The crisis in Cabo Delgado is also posing a threat to other countries in the Southern African Development Community.
The matter was discussed in Maputo, the Mozambican capital, at a SADC summit.
The aim is to make efforts to combat terrorism in this region of northern Mozambique that has already resulted in hundreds of thousands of displaced persons and over 2,800 deaths.
In addition, to ensure lasting peace and security in the country.
For Filipe Nyusi the president of Mozambique, the talks were forward-moving.
"We came out of this Summit more resolute, stronger and clearer of the concrete steps we must take to contain the attacks perpetrated by men instrumentalized by principals who live off organised crime.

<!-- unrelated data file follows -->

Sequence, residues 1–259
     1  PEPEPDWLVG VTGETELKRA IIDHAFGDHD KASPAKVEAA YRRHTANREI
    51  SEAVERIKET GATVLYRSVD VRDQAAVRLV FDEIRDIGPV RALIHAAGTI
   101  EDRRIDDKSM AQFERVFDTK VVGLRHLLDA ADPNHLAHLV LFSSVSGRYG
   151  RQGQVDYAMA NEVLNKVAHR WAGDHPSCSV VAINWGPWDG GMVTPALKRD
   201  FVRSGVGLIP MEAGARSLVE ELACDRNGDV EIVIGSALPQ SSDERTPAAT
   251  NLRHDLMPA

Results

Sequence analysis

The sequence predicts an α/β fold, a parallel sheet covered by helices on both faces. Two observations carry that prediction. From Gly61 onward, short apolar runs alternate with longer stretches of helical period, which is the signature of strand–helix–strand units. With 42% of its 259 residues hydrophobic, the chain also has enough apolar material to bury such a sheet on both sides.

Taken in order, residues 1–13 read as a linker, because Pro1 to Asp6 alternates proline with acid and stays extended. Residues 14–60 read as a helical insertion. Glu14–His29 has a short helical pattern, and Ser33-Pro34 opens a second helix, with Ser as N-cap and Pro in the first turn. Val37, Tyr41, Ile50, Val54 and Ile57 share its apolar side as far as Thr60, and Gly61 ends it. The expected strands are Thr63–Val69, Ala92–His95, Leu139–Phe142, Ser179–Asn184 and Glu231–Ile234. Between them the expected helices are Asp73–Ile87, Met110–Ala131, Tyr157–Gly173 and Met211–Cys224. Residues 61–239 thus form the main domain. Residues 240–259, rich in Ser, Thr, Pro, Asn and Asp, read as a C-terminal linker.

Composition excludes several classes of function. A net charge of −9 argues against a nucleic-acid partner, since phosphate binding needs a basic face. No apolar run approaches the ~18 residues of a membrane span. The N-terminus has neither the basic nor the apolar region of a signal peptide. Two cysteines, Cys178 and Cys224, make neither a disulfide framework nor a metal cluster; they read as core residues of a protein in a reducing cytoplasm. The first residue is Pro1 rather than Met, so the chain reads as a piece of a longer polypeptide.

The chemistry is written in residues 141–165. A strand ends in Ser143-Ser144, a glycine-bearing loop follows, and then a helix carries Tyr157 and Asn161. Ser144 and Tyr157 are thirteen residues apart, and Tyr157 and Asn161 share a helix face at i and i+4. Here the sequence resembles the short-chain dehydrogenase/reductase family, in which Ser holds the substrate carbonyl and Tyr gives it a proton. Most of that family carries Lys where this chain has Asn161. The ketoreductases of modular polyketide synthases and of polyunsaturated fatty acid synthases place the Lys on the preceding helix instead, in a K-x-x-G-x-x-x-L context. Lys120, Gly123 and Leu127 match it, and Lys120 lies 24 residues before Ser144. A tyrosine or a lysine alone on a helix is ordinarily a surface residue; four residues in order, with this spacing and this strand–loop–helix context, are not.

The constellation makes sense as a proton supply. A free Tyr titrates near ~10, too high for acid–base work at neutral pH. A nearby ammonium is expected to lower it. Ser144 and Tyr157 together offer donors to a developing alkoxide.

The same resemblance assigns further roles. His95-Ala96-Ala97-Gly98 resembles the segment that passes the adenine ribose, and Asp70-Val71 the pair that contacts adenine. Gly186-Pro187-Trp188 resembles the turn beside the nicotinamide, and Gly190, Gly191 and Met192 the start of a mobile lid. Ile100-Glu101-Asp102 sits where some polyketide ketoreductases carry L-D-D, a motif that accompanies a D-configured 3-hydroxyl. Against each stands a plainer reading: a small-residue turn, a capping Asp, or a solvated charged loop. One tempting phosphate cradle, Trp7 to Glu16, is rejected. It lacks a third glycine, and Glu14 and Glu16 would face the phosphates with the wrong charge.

"We adopted measures aimed at eliminating the root cause of terrorist actions, by strengthening the operational capacity of the Defence and Security forces to combat them.
"Border security, elimination of terrorist financing sources and reconstruction of destroyed infrastructures''.
It was confirmed during the summit that progress has been made in finding a solution to the armed violence that has lasted for more than three years in Cabo Delgado.
A SADC technical mission visited the region last month and proposes to send nearly 3,000 troops and military assets to help Mozambique fight the armed groups responsible for the attacks that have wreaked havoc.
Thursday, the Portuguese defence minister João Gomes Cravinho announced that the European Union is preparing a mission to train elite Mozambican military forces -- which extends the work that Portugal has been doing in recent years.